Our vines are now in full bloom as we march toward harvest under beautiful, clear skies. "Bloom?" you may ask yourself as you look at these little green blobs with antennas. Yes, each little blob is a flower, and each flower has the potential to become a Pinot Noir grape. Grapes do not have big, showy flowers, which are the, "Come here, big boy," of plants that need the help of insects to pollinate. Grapes, which are hemaphroditic, do all the work themselves. Take a look at this flower cluster. The little pale stalks are stamens, which produce the pollen at their tips. The green ball is an ovule. A pollen grain will land on the sticky end of the ovule, called a stigma, grow down into the ovule and fertilize it. The whole ovary will then grow into a grape.
Flowering is a tricky time because wind or rain could wash the flowers off the plants before they have a chance to fertilize the nascent grapes. We will be looking for fruit "set," which is the enlargement of the ovaries into berries after pollination. This will give us our first indication of how big our first harvestable crop will be.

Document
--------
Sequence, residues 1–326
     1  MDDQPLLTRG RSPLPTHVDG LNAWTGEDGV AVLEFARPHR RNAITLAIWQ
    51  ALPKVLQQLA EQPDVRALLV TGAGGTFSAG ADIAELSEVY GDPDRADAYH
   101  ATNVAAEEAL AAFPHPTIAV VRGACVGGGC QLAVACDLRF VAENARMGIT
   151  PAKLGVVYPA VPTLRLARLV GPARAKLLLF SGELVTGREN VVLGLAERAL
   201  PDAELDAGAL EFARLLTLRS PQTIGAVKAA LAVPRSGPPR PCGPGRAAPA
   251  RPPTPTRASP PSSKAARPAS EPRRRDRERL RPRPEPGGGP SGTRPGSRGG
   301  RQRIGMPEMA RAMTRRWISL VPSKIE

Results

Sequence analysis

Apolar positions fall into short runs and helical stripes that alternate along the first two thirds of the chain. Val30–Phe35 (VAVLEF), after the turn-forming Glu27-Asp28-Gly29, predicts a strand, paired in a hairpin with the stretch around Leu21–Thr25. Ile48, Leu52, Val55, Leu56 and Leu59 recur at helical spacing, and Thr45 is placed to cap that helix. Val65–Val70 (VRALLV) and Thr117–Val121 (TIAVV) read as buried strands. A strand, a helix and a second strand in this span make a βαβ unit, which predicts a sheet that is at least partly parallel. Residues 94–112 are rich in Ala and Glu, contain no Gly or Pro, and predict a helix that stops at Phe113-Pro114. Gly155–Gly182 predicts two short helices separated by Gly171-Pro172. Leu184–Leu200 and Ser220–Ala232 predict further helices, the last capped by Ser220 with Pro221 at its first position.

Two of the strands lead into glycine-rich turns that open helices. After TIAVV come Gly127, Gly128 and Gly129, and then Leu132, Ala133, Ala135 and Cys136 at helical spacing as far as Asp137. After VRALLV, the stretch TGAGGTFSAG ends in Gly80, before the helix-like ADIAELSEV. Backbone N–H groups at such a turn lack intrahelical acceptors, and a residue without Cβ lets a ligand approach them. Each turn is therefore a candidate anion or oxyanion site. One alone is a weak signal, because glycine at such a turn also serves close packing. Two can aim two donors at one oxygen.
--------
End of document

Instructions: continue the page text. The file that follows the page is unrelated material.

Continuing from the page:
Update (6/11) : Our fruit flowering and set happened quickly, in about 7-10 days. Our viticulturist, Kris Lowe, said it occurred early in the growing season, but that was normal for most vineyards this year. The set, which produced small clusters typical of a Calera clone, was normal and, overall, Kris says the vineyard looks good for its first harvest. Weather has fluctuated wildly in early June, dropping from 100 degree days of sun to 60 degree days of wet and rain. Our recent spray included a fungicide to strengthen our vines against botrytis, which can cause rot in grape clusters.